In operation, the strip passes under the roll 3 around a substantial arc thereof and up around the roll 10' and down to the first roll 44. The strip then passes in a tortuous path up and around successive rolls 44 and 46 as clearly shown in the drawings. The strip passes from the last roll 44 up and around roll 14 and then down around roll 16. The accumulator will normally operate with the carriage 34 in its upper full line position shown in FIG- URE 1. When it becomes necessary to stop the entry end of the line to attach another coil there will be sufficient strip accumulated in the entry accumulator 12 to permit the remaining part of the line to operate. The carriage 34 will gradually lower until it approaches its lowest position. Sufiicient strip is accumulated to enable the coil to be attached before all the accumulated strip runs out through the processing equipment 18. After the new coil is attached the entry end of the line will be speeded up until the carriage 34 is again in its upper position. Suflicient tension is applied to the strip to cause the covering 52 to move inwardly toward the groove 54. While the invention as shown is applied to a strip accumulator it will be undertood that it is applicable to other strip procesing equipment where the strip passes in a tortuous path over a plurality of rolls.
While one embodiment of my invention has been shown and described it will be apparent that other adaptations and modifications may be made without departing from the scope of the following claims.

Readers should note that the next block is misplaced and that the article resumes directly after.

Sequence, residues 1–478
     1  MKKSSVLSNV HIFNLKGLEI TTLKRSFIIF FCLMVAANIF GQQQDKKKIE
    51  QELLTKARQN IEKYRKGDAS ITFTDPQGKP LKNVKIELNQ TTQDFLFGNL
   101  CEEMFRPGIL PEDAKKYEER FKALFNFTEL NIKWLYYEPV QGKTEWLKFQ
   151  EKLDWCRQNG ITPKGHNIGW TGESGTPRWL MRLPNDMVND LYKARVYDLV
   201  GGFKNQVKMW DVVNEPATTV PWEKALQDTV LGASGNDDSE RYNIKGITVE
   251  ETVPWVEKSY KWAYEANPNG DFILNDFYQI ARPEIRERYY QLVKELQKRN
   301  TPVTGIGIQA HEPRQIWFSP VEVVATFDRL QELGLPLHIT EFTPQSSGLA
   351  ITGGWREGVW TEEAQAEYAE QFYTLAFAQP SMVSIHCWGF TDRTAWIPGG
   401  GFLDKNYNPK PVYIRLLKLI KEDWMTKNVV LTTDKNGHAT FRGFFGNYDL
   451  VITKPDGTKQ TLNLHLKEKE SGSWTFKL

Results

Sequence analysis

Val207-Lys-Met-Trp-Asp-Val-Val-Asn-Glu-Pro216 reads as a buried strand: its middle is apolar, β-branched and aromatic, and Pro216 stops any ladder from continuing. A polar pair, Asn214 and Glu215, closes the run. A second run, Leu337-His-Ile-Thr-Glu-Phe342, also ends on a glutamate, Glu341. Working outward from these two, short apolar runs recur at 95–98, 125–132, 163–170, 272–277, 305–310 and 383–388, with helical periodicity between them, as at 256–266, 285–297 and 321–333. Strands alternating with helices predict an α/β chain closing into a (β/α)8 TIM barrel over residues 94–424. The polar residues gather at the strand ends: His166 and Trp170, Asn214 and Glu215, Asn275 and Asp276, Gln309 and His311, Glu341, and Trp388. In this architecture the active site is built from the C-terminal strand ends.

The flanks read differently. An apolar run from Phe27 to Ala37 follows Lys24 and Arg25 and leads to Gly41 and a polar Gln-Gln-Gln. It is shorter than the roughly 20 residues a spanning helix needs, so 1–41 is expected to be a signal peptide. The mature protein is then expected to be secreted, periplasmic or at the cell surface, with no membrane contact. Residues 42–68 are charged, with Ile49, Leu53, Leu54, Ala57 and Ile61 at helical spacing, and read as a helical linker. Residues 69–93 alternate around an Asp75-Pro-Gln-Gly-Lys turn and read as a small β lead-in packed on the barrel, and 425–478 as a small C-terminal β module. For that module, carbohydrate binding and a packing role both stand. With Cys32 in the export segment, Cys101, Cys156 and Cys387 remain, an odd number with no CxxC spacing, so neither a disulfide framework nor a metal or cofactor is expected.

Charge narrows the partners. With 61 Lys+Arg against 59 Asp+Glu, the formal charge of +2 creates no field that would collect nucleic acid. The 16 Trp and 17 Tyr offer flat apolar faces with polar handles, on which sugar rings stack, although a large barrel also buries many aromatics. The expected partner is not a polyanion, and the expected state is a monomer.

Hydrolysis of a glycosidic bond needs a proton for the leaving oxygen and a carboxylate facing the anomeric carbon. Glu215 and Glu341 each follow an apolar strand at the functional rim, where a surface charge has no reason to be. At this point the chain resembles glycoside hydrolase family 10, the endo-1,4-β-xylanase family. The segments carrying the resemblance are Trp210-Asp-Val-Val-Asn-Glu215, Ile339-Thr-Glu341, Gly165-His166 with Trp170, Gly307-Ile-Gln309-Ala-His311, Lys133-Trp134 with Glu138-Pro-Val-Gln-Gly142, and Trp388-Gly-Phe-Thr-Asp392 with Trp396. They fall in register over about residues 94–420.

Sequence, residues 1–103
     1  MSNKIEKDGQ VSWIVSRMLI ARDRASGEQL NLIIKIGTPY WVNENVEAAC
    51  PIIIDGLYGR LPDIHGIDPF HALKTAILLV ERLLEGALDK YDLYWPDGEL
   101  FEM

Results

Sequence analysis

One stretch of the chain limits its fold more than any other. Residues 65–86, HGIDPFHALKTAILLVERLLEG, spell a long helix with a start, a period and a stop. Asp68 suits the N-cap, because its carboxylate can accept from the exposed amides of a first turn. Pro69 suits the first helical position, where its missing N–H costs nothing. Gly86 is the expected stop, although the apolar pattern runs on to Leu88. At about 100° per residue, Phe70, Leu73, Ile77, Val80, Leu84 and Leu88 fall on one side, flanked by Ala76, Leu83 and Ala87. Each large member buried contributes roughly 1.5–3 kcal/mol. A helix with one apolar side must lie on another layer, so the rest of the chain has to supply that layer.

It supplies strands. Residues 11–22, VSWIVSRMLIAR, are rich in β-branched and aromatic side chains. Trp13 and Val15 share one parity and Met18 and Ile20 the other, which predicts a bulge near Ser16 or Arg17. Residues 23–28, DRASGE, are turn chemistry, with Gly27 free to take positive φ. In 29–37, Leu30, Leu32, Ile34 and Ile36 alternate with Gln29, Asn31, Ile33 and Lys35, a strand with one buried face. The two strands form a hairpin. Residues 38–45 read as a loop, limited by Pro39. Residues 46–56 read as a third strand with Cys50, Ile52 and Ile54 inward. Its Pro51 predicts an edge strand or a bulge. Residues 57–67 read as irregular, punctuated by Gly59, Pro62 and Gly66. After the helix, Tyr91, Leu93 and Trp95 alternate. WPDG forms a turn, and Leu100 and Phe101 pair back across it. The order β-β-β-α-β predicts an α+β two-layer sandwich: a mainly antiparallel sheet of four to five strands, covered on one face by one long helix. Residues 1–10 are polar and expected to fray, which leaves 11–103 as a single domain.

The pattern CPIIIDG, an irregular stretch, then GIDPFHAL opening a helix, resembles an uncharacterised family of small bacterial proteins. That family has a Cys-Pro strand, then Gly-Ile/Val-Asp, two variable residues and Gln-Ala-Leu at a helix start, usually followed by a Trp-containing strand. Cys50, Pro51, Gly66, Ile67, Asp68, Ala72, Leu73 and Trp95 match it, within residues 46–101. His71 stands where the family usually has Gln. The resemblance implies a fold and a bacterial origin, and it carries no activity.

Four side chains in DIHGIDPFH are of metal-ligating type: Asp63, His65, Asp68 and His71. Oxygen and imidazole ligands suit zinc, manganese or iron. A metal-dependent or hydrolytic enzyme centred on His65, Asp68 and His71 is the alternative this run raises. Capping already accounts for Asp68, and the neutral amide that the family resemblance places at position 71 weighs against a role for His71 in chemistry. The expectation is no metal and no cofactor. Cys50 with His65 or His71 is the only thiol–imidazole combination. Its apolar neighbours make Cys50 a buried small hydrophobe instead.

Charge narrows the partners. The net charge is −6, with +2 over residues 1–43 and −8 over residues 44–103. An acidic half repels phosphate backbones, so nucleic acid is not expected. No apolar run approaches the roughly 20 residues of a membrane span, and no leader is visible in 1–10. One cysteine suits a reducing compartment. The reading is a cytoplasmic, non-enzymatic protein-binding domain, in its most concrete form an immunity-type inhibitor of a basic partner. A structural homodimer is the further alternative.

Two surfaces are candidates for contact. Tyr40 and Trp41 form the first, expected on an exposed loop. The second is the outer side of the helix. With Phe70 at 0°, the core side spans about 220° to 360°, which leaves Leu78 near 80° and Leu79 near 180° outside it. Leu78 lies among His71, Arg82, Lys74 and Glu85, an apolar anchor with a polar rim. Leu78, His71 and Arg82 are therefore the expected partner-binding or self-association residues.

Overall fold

1. Apparatus for continuously conveying strip comprising a plurality of rotatable rolls arranged in staggered relationship so that the strip passes thereover in a tortuous path, said strip passing successively around said rolls so that the amount of wrap of the strip around the rolls will be sufiicient to change the direction of travel of the strip, each of said rolls having a strip supporting surface of considerable less width than the width of the strip, a flexible material forming the outer surface of at least the central portion of the roll and having a single peripheral groove therein at the transverse center thereof for maintaining the strip centered, the strip supporting surface of said roll being formed by said flexible material and having its maximum diameter adjacent said groove, the edges of said flexible material tapering toward the axis of the roll away from the strip supporting surface.
2. Apparatus for continuously conveying strip comprising means for centering and aligning the strip laterally 6 of its pathtoftravel, a-plurality of rotatable rolls'on the exit side of said centering means and arranged in staggered relationship so that the strip passes thereover in a tortuous path, said strip passing successively around said rolls so that the amount of Wrap of the strip around the rolls will be suificient to change the direction of travel of the strip, each of said rolls having a strip supporting surface of considerable less Width than the Width of the strip, a flexible material forming thertouter surface of at least the central ,portiontof the roll and having a singleiperipheral groove therein at the transverse. center thereofrfor: maintaining the ,stripcentered, the stripsupporting surface of said roll beingformed by said flexible material and having; its maximum diameter. adjacent said groove, theredges of 2 said flexible material tapering toward the axis of the roll away from the strip supporting surface.
References Cited in the file of this patent UNITED STATES PATENTS 2,592,581 Lorig Apr. 19, 1952 2,721,739 Mursch et a1 Oct. 25, 1955 2,772,879 Lorig Dec. 4, 1956 2,797,089 Lorig June 25, 1957 2,822,169 Lorig Feb. 4, 1958 2,854,235 Mursch Sept; 30, 1958 2,869,866 Lorig Ian. 20, 1959